Following are Susan Granger's reviews of the latest movies in area theaters:
This race-against-time thriller finds Wilee (Joseph Gordon-Levitt, channeling Wile E. Coyote), a bicycle messenger entrusted with a mysterious "premium rush" envelope from Columbia University in uptown Manhattan that he must deliver downtown to Chinatown.
He's having problems with his girlfriend Vanessa (Dania Ramiriz), another bike courier who's being pursued by his rival Manny (Wole Parks). And his lightweight cycle is a "fixie," meaning it has only one gear and no stopping power. But that's nothing compared to menacing Bobby Monday (Michael Shannon), a sneering New York detective with a gambling problem, who really wants that envelope.
Co-written by John Kamps and director David Koepp ("Ghost Town"), it gets points for graphic originality and terrific action visuals. Most of the chase sequences -- 96 percent, according to Koepp -- are real, meaning without resorting to computer-generated imagery. And among the peddling daredevils is Scottish street cyclist Danny MacAskill, whose YouTube videos attract millions of views.
During a nine-day stretch when his team roamed the Big Apple, filming in the streets, at least one member of the production cast/crew required emergency medical treatment each day, including Joseph Gordon-Levitt, who needed 31 stitches after careening into the window of a taxi.
Yet Koepp's pace loses momentum when he veers into expositional flashbacks to reveal the contents of that envelope and why it has value to so many people.
In addition, given the 90-minute deadline, there's no logical explanation why the courier doesn't just take the subway for this particular errand. Koepp is also tripped up by Jamie Chung's bordering-on-racist portrayal of Nima, a desperate Chinese exchange student who barely speaks English and just happens to have a history with Vanessa.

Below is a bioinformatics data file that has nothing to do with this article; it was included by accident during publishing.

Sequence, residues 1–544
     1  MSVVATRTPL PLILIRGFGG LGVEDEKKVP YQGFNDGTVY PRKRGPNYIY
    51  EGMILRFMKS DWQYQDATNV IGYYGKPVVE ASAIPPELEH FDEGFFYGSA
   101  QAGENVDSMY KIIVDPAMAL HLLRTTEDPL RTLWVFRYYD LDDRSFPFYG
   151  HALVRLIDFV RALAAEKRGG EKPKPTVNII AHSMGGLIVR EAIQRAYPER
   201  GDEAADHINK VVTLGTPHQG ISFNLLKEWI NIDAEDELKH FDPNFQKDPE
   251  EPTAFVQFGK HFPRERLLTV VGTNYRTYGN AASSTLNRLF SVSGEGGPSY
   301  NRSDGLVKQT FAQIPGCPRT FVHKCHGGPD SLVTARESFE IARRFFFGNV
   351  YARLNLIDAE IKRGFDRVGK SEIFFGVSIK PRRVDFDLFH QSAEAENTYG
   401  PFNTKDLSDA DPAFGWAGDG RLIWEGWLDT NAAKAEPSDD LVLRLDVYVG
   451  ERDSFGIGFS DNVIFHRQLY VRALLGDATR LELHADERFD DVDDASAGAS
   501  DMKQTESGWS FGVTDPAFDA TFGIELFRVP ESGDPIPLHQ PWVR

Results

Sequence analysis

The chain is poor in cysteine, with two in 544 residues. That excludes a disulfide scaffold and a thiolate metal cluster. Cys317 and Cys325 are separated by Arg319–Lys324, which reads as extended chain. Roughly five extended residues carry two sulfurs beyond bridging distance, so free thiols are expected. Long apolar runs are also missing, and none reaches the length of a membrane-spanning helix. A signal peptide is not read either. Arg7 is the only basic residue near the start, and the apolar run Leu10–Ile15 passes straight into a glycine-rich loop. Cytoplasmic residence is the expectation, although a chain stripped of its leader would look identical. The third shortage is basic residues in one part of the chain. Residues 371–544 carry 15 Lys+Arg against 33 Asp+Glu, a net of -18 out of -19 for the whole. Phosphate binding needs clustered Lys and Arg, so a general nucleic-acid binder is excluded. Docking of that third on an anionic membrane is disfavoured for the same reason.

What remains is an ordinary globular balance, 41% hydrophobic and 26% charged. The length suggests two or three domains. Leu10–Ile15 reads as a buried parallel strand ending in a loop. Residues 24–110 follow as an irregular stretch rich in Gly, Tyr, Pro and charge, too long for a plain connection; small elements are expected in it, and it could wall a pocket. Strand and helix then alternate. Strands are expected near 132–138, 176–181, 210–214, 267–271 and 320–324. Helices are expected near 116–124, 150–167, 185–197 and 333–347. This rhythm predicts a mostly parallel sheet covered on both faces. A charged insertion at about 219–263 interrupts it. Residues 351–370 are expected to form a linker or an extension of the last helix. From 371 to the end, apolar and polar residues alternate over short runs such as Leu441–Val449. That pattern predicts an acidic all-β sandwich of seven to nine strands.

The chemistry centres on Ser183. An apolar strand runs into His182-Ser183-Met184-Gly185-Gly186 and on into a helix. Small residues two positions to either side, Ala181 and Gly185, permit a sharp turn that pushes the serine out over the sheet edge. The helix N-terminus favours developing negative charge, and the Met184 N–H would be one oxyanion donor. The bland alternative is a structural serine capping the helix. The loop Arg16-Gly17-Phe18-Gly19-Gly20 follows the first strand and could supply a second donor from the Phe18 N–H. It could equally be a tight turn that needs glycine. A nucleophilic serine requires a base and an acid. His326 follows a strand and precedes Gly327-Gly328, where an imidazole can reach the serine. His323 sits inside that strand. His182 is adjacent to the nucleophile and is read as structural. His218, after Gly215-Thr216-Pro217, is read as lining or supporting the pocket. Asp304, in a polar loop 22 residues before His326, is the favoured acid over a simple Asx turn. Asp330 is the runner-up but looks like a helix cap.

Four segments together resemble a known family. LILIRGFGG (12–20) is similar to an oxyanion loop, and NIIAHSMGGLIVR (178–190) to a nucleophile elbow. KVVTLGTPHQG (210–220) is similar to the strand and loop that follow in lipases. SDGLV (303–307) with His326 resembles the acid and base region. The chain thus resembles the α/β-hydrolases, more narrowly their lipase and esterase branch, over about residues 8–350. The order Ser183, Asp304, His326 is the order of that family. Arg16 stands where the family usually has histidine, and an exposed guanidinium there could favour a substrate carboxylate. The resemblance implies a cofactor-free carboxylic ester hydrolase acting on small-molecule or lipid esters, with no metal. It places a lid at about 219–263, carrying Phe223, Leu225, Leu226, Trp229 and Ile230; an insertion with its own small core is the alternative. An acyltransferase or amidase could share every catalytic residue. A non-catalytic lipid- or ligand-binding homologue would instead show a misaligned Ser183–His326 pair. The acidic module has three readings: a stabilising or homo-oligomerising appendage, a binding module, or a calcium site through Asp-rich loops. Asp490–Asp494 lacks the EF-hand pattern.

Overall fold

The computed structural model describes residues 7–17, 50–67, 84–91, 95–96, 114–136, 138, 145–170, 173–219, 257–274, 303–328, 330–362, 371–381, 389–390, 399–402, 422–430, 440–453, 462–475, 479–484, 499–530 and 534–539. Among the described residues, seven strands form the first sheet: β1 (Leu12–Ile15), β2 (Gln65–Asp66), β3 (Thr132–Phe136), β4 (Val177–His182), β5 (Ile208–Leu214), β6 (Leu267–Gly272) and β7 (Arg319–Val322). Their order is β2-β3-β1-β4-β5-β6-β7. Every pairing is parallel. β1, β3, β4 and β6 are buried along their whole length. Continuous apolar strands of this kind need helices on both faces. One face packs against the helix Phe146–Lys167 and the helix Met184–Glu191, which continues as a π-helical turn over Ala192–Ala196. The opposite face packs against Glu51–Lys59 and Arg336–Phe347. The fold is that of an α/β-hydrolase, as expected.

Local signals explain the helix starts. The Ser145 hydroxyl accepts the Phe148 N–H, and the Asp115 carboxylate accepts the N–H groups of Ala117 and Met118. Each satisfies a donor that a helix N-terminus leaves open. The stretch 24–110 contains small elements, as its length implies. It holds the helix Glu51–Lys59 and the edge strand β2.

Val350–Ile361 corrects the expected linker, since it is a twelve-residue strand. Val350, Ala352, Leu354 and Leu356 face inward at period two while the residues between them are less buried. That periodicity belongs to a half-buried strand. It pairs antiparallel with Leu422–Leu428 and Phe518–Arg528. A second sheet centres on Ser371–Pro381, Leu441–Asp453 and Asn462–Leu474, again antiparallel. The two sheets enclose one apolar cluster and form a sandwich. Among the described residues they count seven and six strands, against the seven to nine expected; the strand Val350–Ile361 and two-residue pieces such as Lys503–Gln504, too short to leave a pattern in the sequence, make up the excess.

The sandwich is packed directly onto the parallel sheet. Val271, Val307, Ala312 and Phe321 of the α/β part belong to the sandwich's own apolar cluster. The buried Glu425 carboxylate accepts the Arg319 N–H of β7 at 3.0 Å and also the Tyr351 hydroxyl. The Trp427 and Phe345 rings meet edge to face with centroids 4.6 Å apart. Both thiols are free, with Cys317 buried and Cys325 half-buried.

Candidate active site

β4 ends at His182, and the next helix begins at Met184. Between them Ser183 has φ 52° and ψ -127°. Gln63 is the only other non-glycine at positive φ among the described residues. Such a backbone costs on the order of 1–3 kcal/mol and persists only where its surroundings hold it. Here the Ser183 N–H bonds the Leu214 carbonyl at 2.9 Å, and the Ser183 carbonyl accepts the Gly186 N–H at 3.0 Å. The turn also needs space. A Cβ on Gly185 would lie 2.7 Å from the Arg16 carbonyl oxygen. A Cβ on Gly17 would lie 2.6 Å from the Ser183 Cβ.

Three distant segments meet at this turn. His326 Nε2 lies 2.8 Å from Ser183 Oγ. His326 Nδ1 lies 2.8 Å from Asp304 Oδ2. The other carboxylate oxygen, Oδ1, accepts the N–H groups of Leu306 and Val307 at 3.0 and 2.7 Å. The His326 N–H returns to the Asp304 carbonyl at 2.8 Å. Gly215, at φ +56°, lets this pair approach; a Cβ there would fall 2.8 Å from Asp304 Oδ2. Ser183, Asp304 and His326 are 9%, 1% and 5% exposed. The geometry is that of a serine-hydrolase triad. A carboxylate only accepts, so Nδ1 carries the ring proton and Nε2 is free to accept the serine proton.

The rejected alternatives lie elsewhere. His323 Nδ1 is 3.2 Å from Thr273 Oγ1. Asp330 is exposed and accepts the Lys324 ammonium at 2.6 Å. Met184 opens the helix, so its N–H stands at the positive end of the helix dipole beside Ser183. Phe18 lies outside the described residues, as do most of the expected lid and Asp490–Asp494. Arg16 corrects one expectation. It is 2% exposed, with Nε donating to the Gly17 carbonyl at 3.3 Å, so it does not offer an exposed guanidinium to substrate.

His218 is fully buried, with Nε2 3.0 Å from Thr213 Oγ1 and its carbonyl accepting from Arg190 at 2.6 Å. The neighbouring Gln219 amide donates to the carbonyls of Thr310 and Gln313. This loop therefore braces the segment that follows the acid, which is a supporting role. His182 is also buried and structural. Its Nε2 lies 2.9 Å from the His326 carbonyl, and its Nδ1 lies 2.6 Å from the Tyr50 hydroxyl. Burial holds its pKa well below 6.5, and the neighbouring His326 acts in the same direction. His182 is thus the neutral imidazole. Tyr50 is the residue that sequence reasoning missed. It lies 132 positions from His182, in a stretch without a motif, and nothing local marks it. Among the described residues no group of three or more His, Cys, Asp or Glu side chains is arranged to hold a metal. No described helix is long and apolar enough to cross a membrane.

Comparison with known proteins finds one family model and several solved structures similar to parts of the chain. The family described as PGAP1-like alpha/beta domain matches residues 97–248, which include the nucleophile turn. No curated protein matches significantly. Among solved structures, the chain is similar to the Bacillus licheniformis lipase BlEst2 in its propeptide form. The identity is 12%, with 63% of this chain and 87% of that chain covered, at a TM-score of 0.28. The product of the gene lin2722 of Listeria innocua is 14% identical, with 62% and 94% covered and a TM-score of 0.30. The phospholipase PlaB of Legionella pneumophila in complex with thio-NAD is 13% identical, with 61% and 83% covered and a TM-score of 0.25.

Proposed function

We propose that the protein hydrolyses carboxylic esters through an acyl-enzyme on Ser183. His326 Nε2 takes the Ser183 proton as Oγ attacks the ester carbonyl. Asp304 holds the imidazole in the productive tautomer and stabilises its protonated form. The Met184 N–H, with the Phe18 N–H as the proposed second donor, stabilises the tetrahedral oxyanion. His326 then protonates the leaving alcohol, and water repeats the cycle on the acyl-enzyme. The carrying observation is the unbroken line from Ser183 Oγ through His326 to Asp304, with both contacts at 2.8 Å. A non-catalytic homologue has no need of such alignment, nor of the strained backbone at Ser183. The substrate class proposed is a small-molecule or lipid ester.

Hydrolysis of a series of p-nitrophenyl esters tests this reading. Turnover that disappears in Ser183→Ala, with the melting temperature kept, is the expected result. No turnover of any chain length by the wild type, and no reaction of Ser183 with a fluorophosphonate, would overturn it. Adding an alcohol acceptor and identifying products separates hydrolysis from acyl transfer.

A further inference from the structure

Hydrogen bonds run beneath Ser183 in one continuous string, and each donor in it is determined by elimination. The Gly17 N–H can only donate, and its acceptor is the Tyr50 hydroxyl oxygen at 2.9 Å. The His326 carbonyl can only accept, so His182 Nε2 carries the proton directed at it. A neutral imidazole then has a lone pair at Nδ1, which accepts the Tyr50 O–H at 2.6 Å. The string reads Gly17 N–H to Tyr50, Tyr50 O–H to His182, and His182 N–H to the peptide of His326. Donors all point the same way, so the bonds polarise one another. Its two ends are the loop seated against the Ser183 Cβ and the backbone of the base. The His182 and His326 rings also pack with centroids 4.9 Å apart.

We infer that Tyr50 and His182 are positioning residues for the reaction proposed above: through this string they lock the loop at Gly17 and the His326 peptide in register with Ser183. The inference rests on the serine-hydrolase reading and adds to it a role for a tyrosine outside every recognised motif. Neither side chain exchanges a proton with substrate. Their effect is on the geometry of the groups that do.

Too many unrealistic coincidences decrease believability.
On the Granger Movie Gauge of 1 to 10, "Premium Rush" delivers a silly, speeding 6, filled with impressive chase scenes and stunt work on a bike without brakes.
"THE EXPENDABLES 2"
Blasting fire power, the geriatric goons are back, toting not only tons of ear-splitting explosives but also deadpan, self-parodying laugh lines.
Under the leadership of Barney Ross (Sylvester Stallone), the past-their-prime mercenaries -- including knife specialist Lee Christmas (Jason Statham), martial-arts master Ying Yang (Jet Li), volatile sniper Gunner Jensen (Dolph Lundgren), demolition-skilled Toll Road (UCF's Randy Couture), weapons-savvy Hale Caesar (wisecracking Terry Crews), along with newcomer sharpshooter Billy the Kid (Liam Hemsworth) -- are deployed to Nepal to rescue a Chinese businessman, along with Ross'rival, Trench (Arnold Schwarzenegger). They're then dispatched by CIA operative Mr. Church (toupee-less Bruce Willis) to retrieve something from the wreckage of a plane that crashed in the Balkans, taking along tech-savvy Maggie (Chinese actress Yu Nan). But when one of their team is viciously killed, vengeance becomes the motivating force against sadistic Jean Vilain (Jean-Claude Van Damme) and his henchman Hector (Scott Adkins), who threaten the world with deadly plutonium.